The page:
By northeast standards, though, the snowfall was little more than a nuisance, and somewhat of a disappointment, especially in Greenwich where everyone is equipped for the rugged backcountry with chunky SUVs, or whatever you call those things these days, so they say what a tough time they had grinding up the hill to their driveway.  Then they’ll add that they even had to get out of the vehicle to open the gate manually because the remote is frozen solid.  The cars have become more and more macho.  I find it a bit mindboggling that I should clamber up a Mercedes like a child on a jungle gym, but that is just the kind of challenges I am faced with in this town.  Once buckled in, you look out and can literally confirm that you are at an altitude.  I once asked my brother, “So, how high up are we?”  I could see the Sound from the dashboard.  Years ago, that wasn’t such a surprise.  In fact, there were dozens of spots from which you could gaze out over a stretch of miles and spot the bluish gray strip of Long Island Sound capped on top by the low-lying forests ofLong Islanditself.  That was because back then, like much of New England, farms abounded inland, and woods made up the fringes of fields and pastures.  As the New Englander finally gave up on his fight to tame the planet’s rockiest soil, the firs, pines, maples, oaks, birches, dogwoods, and all the rest began creeping back in.  Now the town is enveloped in flora.

     The ability to survey the Connecticut shore was also due to the hilly terrain of this land. Greenwichisn’t mountainous, but it is certainly hilly as ridge after ridge ripple up and down, east to west, or west to east, depending on how you look at things.  It can make for some hazardous driving conditions no matter what your annual salary is.  The snow, like hunger, has a funny way of making everyone the same.  It’s a chance to take on the world.

      This sense of impending danger caters to a classic local condition known as the Greenwich Denial Syndrome.  This is a curious affliction among some in this town who wish to seem as un-Grenwegian as possible in order to boost their manliness and readiness to tough out the ruggedness of the country, while not quite leaving the confines of the community.  They want to set themselves apart from the rest of the residents, when, in fact, this is precisely what makes so many Grenwegians look alike.  They’ve got it all wrong.  Handling snow-stricken roads while commandeering a Hummer doesn’t impress me that much, I tell you.  Try driving down one of those hairpin turns on Dingletown Road in a Chevy Chevette with baldnig tires and no rearview mirror if you want to prove your worth.  That takes balls.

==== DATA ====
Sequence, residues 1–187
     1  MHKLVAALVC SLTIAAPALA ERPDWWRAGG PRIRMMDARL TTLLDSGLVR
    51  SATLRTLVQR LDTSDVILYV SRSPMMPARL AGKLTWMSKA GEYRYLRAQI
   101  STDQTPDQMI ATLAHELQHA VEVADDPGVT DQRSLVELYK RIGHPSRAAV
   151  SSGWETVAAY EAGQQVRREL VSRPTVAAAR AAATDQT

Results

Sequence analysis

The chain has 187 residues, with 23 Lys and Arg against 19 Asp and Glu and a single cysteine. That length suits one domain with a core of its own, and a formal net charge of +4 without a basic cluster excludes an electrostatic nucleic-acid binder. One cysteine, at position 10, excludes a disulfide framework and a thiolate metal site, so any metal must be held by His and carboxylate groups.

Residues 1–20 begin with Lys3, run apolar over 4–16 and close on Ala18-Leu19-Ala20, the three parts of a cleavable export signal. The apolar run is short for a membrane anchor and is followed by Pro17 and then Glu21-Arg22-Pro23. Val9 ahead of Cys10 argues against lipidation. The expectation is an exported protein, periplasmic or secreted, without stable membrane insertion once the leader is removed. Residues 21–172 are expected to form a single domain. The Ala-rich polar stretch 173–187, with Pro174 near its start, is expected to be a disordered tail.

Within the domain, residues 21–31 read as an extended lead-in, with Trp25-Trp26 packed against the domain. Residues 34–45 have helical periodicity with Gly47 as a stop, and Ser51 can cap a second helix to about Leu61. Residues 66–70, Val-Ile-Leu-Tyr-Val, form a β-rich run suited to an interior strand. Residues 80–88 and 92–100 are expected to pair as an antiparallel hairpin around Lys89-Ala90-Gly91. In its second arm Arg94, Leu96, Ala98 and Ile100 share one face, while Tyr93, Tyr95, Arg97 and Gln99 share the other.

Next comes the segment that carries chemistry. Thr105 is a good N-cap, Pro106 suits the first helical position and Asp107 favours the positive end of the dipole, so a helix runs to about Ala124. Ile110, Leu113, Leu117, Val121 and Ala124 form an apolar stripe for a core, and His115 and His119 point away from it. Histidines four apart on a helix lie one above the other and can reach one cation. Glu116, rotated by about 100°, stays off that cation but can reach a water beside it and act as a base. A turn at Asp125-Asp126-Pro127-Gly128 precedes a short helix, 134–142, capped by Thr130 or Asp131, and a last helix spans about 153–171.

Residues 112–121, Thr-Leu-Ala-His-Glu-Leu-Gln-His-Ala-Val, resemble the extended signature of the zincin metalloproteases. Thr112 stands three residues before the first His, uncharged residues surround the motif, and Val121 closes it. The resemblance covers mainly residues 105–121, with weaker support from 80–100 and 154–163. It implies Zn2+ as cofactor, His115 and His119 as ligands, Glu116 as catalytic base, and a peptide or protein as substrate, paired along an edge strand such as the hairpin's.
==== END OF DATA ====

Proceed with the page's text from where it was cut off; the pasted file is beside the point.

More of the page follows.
But still, by nine in the morning, the ground was blanketed with frozen precipitation and though I wouldn’t call it blizzard conditions, things were getting somewhat ugly out there.  On top of that, I had lived in Spain long enough to feel I had lost some of my skills at driving in snowy conditions, and I had some doubt about whether or not we would make it up to Simsbury, Connecticut to spend the night with our friends Juan and Vicky and their family for New Years.  After all, it wasn’t precisely around the corner, and we would be heading north.  So, we hung out for a while and gave some thought to it.  I fielded about 300 calls from my parents warning me about the dangers of road and frozen water, but since it was supposed to all get better in a couple of hours, they finally accepted my decision.

     In the meantime, we took a break and enjoyed an occurrence you don’t see to often back in Madrid.  It was especially fun for my daughters who just couldn’t believe their eyes.  Here the snow falls, the snow sticks quickly, the snows becomes one with the surroundings.